Valve stopped fuel flow in F-16 crash
The Air Force says an F-16 flying from Japan to Alaska last July crashed at sea because a valve stopped fuel from reaching the engine.
An accident investigation report released by Pacific Air Forces in Hawaii Feb. 19 says the jet’s main fuel shut-off valve was partially closed for more than three minutes and fully closed for three minutes.
Investigators weren’t able to determine why the valve closed because vital pieces of evidence weren’t recovered from the ocean floor.
The F-16 with the 35th Fighter Squadron at Misawa Air Base crashed July 22 about 250 miles off the coast of Hokkaido, Japan’s northernmost main island.
The pilot ejected safely and was retrieved after about six hours by a combined Japanese-U.S. rescue mission. He wasn’t injured. AP
Pentagon checking story for bin Laden raid secrets
The Pentagon says it is reviewing an Esquire magazine article on a Navy SEAL’s account of his role in the May 2011 raid that killed Osama bin Laden to determine whether the account disclosed any classified information.
A Pentagon spokesman, Lt. Col. Steve Warren, disclosed the inquiry Feb. 19, saying officials are trying to determine whether the SEAL, whose identity is not revealed in the Esquire article, broke any secrecy rules.
The article was published online Feb. 11.
The account is not the first to portray details of the raid. Former SEAL Matt Bissonette, writing under the pseudonym Mark Owen, described the operation in his book, “No Easy Day,” published last September. The Pentagon objected to what it called his unwarranted disclosures but has not announced any legal action against him. AP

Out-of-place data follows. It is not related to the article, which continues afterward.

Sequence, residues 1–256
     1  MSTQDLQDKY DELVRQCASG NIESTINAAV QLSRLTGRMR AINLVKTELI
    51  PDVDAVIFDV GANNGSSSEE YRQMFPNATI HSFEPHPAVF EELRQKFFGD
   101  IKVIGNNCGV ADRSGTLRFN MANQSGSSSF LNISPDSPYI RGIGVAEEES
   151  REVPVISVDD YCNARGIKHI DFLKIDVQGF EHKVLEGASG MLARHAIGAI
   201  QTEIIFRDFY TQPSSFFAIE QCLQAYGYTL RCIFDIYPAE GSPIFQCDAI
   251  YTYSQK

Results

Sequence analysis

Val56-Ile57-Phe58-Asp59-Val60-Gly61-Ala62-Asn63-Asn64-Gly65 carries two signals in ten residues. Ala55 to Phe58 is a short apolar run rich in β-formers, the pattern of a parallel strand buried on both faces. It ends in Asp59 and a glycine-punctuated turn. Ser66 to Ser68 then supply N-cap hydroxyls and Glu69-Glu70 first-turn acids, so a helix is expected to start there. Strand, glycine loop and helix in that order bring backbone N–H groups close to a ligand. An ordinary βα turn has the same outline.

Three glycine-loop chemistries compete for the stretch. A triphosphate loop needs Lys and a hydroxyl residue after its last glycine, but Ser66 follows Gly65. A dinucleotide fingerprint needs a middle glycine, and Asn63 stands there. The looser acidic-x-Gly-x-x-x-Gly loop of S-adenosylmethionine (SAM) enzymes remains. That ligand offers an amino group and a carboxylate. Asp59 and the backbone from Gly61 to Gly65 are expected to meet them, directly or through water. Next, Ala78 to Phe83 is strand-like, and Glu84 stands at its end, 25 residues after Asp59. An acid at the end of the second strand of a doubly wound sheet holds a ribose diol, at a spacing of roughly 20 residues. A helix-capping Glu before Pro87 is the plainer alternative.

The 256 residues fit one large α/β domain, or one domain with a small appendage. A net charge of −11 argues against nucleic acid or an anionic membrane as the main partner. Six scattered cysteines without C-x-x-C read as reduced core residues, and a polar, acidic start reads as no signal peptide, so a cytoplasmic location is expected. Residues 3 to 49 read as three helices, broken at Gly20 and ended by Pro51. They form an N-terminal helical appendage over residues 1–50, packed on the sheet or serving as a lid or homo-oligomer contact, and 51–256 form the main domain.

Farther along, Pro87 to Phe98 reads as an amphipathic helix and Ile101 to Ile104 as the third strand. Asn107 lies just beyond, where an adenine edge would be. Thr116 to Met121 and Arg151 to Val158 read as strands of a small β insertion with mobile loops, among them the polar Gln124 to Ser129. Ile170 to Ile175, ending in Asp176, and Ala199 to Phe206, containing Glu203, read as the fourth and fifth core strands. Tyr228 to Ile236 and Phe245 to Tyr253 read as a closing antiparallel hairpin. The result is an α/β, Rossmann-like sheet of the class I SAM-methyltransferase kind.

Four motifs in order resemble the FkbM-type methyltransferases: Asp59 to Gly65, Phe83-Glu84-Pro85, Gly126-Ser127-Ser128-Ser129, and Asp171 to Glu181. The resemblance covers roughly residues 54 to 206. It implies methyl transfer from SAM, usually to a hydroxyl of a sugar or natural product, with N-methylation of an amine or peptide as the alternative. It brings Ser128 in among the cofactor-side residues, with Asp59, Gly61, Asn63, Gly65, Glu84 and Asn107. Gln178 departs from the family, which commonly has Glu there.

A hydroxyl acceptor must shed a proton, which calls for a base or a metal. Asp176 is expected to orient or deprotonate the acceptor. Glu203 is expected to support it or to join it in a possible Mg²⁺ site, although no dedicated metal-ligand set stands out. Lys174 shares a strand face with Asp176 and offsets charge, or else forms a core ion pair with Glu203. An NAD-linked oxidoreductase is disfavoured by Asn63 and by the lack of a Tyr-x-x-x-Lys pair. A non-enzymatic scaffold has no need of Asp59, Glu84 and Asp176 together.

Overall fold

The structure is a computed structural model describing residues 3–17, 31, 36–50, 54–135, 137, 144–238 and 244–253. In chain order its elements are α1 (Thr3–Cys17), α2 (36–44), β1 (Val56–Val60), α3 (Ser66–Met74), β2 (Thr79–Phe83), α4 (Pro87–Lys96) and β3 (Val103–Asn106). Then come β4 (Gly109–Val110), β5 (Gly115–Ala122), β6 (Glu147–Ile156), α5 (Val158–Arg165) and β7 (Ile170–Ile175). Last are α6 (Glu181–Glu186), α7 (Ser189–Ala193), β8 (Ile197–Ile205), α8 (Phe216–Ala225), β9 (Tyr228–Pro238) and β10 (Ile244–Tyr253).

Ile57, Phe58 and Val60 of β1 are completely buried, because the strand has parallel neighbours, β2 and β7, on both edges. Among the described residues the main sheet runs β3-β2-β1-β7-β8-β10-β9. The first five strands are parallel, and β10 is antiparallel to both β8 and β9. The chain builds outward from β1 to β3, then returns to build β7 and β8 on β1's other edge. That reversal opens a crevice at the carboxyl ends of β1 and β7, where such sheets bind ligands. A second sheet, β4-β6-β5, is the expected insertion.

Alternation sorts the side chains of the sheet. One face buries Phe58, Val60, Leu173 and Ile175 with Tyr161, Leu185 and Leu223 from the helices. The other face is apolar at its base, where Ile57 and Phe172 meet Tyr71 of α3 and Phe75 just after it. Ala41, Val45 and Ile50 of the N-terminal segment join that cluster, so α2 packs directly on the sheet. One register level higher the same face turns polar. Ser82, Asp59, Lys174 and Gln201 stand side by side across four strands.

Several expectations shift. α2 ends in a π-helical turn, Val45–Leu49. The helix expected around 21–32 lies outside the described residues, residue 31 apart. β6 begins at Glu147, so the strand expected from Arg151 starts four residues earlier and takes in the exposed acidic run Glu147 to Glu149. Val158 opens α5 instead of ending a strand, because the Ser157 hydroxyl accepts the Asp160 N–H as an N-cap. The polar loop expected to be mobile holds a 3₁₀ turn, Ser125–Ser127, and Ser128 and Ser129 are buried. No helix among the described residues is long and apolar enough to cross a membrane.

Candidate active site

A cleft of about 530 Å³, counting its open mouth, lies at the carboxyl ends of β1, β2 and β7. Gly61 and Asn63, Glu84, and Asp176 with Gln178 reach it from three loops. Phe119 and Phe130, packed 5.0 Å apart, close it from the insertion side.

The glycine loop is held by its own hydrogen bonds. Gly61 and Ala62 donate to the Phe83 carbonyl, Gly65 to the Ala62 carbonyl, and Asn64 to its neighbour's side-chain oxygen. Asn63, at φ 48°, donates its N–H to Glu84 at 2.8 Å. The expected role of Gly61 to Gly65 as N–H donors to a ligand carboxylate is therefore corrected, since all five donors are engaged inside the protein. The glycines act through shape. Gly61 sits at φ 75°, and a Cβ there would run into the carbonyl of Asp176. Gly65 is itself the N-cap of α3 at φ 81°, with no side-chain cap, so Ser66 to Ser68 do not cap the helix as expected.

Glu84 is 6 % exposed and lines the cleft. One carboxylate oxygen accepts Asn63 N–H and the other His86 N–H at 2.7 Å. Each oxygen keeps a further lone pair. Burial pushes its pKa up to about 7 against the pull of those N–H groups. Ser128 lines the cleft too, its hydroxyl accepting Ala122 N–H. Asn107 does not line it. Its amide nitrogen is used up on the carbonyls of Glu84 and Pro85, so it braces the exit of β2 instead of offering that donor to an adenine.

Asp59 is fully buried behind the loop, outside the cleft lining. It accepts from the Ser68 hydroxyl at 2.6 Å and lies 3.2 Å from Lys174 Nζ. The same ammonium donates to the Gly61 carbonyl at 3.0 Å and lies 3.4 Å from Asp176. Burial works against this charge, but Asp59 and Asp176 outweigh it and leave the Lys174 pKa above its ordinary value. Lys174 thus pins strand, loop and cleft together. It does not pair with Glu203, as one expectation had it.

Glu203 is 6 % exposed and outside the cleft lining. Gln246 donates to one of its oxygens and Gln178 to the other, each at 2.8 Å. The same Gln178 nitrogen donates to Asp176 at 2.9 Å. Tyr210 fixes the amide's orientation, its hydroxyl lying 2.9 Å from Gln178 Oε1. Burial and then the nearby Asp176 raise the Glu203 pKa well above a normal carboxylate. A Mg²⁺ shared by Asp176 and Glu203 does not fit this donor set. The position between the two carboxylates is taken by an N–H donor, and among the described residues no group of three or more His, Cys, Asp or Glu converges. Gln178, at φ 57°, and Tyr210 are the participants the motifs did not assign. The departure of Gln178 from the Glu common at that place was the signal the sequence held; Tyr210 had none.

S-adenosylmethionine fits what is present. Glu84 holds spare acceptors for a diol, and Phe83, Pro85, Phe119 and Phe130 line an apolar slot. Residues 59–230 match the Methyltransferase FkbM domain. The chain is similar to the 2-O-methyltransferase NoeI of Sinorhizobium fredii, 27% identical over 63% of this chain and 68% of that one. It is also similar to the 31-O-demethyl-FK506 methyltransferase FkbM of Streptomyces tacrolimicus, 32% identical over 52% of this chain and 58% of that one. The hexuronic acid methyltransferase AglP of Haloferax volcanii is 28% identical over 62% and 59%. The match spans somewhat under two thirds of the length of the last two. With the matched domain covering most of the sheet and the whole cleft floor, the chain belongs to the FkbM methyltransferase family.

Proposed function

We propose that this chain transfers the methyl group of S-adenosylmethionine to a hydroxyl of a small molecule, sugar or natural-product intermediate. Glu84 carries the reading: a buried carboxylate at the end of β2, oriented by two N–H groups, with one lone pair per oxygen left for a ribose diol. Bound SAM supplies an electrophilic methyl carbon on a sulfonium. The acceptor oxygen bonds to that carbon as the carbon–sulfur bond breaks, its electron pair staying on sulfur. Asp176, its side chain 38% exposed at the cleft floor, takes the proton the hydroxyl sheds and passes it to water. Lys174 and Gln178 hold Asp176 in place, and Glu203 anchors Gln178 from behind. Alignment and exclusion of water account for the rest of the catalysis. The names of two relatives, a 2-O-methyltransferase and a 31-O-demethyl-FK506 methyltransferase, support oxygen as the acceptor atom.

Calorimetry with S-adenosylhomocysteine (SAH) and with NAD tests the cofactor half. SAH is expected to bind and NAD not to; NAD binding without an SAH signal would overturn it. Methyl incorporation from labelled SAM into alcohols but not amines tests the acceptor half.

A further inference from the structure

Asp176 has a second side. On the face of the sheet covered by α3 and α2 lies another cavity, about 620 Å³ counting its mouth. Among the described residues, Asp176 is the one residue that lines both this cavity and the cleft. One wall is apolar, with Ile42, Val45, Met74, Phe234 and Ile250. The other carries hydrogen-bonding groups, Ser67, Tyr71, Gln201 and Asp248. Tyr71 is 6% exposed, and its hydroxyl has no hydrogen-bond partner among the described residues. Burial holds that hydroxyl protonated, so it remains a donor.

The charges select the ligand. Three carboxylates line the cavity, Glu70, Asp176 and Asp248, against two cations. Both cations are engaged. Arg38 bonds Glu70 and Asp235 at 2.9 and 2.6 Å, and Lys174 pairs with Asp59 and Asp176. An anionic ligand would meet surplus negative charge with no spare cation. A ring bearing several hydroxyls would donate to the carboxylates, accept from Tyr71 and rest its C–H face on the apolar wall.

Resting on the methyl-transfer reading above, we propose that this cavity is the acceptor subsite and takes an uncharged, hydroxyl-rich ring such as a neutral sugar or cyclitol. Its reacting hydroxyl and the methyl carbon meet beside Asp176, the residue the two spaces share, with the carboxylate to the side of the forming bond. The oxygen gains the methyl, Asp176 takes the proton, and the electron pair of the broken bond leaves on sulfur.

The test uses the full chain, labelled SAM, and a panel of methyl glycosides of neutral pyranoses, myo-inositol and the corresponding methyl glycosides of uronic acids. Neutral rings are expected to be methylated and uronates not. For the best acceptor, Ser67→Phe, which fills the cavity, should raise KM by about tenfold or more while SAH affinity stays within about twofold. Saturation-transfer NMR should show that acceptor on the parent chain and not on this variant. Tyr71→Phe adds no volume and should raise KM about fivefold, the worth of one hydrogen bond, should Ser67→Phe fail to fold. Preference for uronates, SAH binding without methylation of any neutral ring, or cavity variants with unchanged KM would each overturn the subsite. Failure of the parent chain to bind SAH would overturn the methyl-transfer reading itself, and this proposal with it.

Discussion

Fighter jet makes emergency landing in Utah
An Air Force fighter jet is grounded at a tiny Utah airport after making an emergency landing on one engine.
Officials say the A-10 Thunderbolt was being flown from Davis-Monthan Air Force Base in Tucson, Ariz., Feb. 20 when one of the two engines failed and couldn’t be restarted in mid-flight.
The pilot landed at a rural air strip outside Price, Utah, about 120 miles short of his destination at Hill Air Force Base in Layton, Utah.
Officials say maintenance crews from Hill are arriving to inspect the fighter jet.
The Thunderbolt belongs to the 75th Fighter Squad at Moody Air Force Base in Valdosta, Ga. It was being flown to Utah for maintenance.
Lt. Meredith Kirchoff of Moody Air Force Base says Thunderbolts can fly on one engine, but the pilot landed for safety reasons. AP
Lockheed to pay $19.5 million to settle lawsuit
Lockheed Martin will pay $19.5 million to settle a lawsuit claiming that the defense contractor misled investors.
The company disclosed the settlement in a filing Feb. 19 with the U.S. District Court in New York.
Lockheed denied violating any securities laws or misleading investors but said it settled because of the cost and uncertainty of going to trial.
The city of Pontiac, Mich., employee retirement system sued Lockheed and top executives including CEO Robert Stevens in July 2011, claiming that the company misled investors beginning with upbeat statements about its financial results for the first quarter of 2009. The executives commented about rising sales in Lockheed’s information-systems business.
The retirement system said the comments were false; that there were problems with some projects in the information-systems unit and that its growth was slowing as contracts were lost.
The company issued disappointing results for the unit when it reported results for the second quarter of 2009 in July of that year. The stock fell 8.5 percent, to $75.13, the day that the second-quarter results were reported.
The Pontiac retirement system won class-action status for its lawsuit, representing investors who bought Lockheed stock between April and July 2009.
Lockheed asked the court to dismiss the case, but the request was rejected. In December, the two sides began negotiations mediated by a retired judge, and those talks led to the settlement. AP